Some of the highlights of Andy Griffith's career:
Has a hit single as Deacon Andy Griffith with the comic monologue "What It Was, Was Football!"
Becomes a Broadway star with the hit comedy "No Time for Sergeants," gaining a Tony nomination for best featured (supporting) actor. (Don Knotts also is in the play.) Reaches the record charts again with top 30 "Make Yourself Comfortable."
Makes movie debut in "A Face in the Crowd," playing a homespun television commentator whose corruption is hidden from the public.
Reprises Broadway role in film version "No Time for Sergeants"; once again, Knotts is in the cast.
Returns to Broadway in "Destry Rides Again." Nominated for Tony as best actor in a musical.
"The Andy Griffith Show" premieres on CBS. The gentle comedy, co-starring Knotts, Ron Howard, Frances Bavier and Jim Nabors, would become a television classic. It runs for eight years and has remained a favorite in reruns.
Spinoff "Gomer Pyle, U.S.M.C.," starring Nabors, runs on CBS.
"Mayberry R.F.D.," the sequel show without Griffith but with the Mayberry setting and some continuing characters, runs on ABC.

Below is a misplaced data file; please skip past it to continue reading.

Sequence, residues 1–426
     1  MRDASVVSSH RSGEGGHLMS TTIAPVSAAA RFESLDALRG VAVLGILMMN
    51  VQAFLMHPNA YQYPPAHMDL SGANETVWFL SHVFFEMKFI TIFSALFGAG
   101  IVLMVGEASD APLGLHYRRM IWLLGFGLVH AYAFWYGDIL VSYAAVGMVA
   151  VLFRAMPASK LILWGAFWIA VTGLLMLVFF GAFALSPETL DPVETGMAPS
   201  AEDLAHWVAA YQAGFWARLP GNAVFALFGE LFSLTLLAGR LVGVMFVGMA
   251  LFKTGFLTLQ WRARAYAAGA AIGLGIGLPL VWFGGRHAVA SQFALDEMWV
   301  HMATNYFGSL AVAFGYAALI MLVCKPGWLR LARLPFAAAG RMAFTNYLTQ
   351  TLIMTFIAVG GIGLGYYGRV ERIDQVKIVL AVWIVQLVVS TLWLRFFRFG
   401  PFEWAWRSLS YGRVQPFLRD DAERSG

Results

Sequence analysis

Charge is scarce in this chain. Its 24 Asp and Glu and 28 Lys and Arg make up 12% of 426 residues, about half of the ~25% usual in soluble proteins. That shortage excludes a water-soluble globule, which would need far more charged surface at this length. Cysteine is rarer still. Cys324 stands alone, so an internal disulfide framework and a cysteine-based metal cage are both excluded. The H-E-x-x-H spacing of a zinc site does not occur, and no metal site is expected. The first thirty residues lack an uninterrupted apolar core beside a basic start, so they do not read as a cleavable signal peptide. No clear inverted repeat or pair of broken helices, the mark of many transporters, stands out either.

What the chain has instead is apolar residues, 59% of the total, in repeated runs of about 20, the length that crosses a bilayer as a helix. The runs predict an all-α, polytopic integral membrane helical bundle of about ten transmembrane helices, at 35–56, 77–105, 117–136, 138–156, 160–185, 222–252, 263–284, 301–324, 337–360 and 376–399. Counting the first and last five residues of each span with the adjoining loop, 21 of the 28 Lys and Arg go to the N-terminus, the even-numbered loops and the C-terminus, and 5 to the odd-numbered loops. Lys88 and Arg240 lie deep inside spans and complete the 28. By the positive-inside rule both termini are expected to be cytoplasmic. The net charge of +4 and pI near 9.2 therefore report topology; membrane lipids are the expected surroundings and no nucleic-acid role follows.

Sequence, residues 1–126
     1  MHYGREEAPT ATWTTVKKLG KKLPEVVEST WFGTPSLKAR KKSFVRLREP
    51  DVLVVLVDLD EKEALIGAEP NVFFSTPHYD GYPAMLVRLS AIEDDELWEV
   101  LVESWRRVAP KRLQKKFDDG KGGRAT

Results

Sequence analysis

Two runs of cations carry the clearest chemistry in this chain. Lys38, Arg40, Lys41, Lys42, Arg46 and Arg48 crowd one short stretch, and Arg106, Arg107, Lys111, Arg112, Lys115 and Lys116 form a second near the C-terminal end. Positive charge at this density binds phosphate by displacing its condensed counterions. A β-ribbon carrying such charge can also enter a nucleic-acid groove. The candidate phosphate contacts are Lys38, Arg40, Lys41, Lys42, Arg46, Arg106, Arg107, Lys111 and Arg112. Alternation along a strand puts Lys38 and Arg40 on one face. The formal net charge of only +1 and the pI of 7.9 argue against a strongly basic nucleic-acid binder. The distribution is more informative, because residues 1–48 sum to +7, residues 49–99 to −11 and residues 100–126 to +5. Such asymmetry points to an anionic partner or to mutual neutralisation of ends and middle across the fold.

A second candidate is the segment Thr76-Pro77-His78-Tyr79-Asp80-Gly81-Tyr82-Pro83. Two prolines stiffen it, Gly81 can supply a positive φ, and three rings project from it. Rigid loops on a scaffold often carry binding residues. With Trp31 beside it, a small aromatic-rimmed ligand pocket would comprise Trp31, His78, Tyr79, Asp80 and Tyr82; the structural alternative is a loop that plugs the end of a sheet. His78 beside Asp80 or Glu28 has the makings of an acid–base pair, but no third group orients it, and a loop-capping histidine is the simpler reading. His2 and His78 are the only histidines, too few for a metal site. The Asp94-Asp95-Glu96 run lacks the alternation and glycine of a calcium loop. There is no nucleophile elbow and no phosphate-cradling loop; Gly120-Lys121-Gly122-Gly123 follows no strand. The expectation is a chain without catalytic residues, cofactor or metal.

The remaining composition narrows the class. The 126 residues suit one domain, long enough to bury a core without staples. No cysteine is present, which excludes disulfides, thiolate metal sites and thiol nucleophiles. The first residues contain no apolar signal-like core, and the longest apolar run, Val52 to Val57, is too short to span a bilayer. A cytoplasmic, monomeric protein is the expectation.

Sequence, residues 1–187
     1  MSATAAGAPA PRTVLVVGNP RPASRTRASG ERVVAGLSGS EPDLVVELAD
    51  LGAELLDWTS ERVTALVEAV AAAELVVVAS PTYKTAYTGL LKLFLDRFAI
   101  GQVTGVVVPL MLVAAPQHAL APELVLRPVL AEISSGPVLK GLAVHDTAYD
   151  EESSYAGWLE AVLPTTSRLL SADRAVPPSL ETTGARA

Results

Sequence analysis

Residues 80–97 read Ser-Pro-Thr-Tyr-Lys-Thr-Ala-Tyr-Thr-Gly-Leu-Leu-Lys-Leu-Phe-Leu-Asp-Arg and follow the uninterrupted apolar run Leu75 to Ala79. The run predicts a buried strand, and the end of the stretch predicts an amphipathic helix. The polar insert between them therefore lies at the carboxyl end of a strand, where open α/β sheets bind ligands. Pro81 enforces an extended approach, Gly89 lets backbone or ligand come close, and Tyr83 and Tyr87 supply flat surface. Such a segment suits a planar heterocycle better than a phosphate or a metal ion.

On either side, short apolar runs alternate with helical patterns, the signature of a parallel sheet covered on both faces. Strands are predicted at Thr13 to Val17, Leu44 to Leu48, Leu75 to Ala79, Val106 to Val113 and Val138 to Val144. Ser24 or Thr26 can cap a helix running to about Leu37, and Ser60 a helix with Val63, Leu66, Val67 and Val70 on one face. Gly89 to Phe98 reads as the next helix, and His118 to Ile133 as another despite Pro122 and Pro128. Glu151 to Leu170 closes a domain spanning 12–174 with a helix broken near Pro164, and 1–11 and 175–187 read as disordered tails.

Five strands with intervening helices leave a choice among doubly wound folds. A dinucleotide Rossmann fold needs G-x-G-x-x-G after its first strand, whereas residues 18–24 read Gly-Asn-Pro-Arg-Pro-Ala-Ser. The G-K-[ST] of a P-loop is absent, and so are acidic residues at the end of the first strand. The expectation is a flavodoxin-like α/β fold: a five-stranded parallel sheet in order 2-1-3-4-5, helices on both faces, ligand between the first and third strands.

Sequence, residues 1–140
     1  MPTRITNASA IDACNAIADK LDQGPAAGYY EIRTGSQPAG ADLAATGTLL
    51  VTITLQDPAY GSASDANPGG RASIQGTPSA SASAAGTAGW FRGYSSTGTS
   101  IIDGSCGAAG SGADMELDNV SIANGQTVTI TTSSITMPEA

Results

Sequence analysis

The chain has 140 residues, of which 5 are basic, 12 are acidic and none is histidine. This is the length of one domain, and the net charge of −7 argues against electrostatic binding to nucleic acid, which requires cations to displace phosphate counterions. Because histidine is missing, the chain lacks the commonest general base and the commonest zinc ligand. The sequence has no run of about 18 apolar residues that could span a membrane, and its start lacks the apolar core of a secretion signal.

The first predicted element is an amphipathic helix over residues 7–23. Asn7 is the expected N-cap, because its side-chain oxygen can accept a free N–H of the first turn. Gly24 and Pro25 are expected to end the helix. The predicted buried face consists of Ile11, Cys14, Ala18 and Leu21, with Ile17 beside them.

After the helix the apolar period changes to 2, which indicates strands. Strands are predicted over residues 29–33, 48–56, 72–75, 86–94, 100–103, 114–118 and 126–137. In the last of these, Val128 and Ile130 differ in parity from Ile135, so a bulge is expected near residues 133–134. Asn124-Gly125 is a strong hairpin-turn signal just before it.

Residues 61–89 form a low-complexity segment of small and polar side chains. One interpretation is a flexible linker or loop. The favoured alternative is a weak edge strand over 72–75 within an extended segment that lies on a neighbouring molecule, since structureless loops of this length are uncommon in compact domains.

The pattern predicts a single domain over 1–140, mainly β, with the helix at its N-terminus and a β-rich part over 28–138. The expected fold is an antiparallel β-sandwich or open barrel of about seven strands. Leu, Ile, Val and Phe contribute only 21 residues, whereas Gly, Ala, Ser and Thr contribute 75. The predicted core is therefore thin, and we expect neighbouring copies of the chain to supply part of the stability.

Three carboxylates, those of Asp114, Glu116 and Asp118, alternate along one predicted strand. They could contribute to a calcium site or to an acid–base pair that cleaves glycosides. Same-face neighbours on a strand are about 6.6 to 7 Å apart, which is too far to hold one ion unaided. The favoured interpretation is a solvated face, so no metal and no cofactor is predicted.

September 1986: "Matlock," an hour-long drama series starring Griffith as a Southern defense lawyer, premieres on NBC. Later moving to ABC, it runs until 1995.
Release of "I Love to Tell the Story -- 25 Timeless Hymns," an album of gospel songs. It wins Griffith a Grammy for best Southern gospel, country gospel or bluegrass gospel album.
Statue of Andy and Opie from "The Andy Griffith Show" unveiled in Raleigh, N.C., part of a series of TV-related statues in various cities sponsored by the cable network TV Land.
Receives the Presidential Medal of Freedom, the nation's highest civil award.
Gains new acclaim playing the cranky diner owner in the hit independent film "Waitress."
Teams with country star Brad Paisley on the video for Paisley's single "Waitin' on a Woman." It wins Country Music Association award for best video of the year.
Plays the role of Grandpa Joe in the film "Play the Game."
-- Associated Press